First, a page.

By Brenda Davis RD, co-author of the very new “Becoming Vegan: Comprehensive Edition, The Complete Reference to Plant Based Nutrition” (2014) and of the award winning “Becoming Vegan: Express Edition” (2013).
At any one time, approximately 20-40% of the American population is actively attempting to lose weight. Weight loss diets are generally designed to produce a calorie deficit or to ensure that you take in fewer calories than you burn, so you will lose weight. Most succeed in this task. When it comes to weight loss, whether you eat grapefruits, cabbage soup, or bacon and eggs matters far less than the number of calories you consume. So, all sorts of food combinations can work, as long as they leave you with a calorie deficit.
Even though most diets succeed in producing weight loss, the problem is, they end. When they do, the weight creeps back on. About 95% of all weight loss diets are utter failures the long term. In many cases, the deprivation causes your body to move into conservation mode, slowing your metabolism. You not only re-gain the lost weight, but you may end up gaining additional pounds, as well. In order to achieve lifelong healthful weights, you need lifelong healthful eating and exercise habits. There is no going back to your former diet and lifestyle.
From the perspective of the consumer, the fatal flaw of the weight-loss industry is that their primary focus is earning a profit, NOT permanent weight loss. Return customers are part of the game plan. The weight loss industry has great expertise in telling their customers what they want to hear: “Lose all the weight you want for only $30”; “Melt fat while you sleep”; “Speed your metabolism, drop pounds without dieting”. So what’s the answer? Stop buying into hype and start buying into health. These three simple steps will put you on a path that moves your focus beyond thin.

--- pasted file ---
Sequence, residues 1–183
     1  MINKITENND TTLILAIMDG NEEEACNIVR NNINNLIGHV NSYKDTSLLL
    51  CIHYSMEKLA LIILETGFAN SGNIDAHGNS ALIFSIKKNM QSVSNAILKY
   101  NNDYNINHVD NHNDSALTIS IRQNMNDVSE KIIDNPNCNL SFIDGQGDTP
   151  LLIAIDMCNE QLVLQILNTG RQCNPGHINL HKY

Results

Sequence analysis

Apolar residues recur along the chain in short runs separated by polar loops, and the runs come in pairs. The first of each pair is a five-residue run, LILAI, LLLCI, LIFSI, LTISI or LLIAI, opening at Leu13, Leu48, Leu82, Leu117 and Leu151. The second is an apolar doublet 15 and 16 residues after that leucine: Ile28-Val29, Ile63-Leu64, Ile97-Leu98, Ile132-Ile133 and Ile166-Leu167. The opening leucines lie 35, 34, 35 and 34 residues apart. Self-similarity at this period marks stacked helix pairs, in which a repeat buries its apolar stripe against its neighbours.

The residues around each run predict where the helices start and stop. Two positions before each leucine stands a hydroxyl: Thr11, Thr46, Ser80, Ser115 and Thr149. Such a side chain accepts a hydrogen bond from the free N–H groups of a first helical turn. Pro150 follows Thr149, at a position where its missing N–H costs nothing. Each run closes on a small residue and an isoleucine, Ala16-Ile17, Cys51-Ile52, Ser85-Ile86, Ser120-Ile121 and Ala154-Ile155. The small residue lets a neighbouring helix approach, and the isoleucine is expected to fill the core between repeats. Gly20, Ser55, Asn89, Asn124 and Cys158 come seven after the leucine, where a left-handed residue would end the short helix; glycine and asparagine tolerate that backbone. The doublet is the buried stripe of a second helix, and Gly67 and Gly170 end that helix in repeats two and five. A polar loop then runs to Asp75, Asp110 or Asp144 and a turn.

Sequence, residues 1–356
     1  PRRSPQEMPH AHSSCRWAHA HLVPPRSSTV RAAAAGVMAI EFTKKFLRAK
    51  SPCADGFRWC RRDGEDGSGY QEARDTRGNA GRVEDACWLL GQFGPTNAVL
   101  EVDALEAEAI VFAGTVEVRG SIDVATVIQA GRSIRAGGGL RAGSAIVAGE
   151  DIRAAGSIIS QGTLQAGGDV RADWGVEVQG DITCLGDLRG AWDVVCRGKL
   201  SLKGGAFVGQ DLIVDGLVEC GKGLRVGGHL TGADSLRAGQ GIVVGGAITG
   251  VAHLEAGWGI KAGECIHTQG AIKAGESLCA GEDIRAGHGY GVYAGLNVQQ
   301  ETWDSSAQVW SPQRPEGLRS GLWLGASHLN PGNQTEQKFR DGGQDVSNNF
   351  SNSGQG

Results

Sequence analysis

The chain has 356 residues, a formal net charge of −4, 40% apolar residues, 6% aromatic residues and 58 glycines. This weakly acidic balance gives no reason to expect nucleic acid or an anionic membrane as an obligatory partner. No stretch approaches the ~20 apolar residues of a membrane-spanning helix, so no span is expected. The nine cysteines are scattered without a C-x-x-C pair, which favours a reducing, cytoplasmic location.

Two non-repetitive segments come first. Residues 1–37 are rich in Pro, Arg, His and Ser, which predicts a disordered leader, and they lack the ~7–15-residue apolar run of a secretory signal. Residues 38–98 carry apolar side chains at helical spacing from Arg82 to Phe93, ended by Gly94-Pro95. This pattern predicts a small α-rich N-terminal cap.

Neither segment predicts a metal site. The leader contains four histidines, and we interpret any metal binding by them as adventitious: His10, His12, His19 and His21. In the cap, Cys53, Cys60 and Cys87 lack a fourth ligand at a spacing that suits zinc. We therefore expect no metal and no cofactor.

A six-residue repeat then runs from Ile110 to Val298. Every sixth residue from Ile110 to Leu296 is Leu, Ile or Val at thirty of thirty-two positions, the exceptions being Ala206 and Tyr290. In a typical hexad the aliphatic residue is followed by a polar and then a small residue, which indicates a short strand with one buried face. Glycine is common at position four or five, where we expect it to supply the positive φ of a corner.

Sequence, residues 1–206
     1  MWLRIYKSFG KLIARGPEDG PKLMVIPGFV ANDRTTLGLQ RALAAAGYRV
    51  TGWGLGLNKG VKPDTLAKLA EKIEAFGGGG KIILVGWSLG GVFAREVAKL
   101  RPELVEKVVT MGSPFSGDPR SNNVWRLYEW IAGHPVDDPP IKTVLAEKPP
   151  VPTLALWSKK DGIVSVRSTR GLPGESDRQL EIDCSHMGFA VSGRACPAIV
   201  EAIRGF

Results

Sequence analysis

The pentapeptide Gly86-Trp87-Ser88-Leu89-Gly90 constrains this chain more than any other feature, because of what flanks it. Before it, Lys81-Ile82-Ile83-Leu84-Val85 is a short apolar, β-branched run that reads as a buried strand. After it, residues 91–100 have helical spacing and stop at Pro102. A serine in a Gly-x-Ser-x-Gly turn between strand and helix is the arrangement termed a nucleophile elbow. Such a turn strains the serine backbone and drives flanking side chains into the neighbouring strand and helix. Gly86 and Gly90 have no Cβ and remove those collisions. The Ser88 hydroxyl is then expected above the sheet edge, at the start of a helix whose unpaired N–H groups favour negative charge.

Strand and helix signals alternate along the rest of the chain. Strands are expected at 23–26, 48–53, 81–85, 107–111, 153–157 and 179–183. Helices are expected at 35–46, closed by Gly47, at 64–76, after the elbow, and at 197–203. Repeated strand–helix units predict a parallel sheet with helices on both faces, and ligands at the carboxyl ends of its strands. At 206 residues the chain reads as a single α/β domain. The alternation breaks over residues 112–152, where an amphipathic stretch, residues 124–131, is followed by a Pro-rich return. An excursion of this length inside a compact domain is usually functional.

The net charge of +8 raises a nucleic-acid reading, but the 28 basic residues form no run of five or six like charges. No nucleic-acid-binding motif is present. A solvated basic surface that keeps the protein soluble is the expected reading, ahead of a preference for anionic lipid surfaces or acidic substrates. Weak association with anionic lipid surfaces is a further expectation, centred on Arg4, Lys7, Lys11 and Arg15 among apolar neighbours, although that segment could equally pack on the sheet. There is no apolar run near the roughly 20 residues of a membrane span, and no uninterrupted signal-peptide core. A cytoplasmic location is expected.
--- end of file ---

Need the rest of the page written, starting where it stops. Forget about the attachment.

Step #1: Make great health, energy and vitality your goals.
Dump the dieter’s mentality of thinness at all costs. It is not worth the risk. Remember, thinness can be the reward for healthful living or the curse of illness or substance abuse. It can be achieved by eating greens or undergoing chemotherapy. Without health, energy and vitality, a lean body loses its luster.
The first and most critical step to permanently overcoming overweight and obesity is to redirect your focus from thinness to health. This is no small feat, particularly in Western culture. Begin by looking at food as the raw materials with which you will re-build your body. Resist the urge to select food on the basis of its consequences for your body weight. Instead, select food on the basis of its ability to nourish and protect your body. Before you bite into that sugar-free “diet cookie,” ask yourself if white flour, partially hydrogenated vegetable oils and artificial sweeteners are the materials with which you’d like to build your brain cells. Perhaps an apple would taste better.
Resist the temptation to measure your success on the basis of the bathroom scales. While it’s OK to weigh yourself on occasion, daily weigh-ins are a lesson in frustration. Focus instead on how you feel. Know that as your health, energy, and vitality are restored, your weight will gradually adjust to a point that is ideal for your body. Remember, a healthy body weight is a natural consequence of a healthy lifestyle.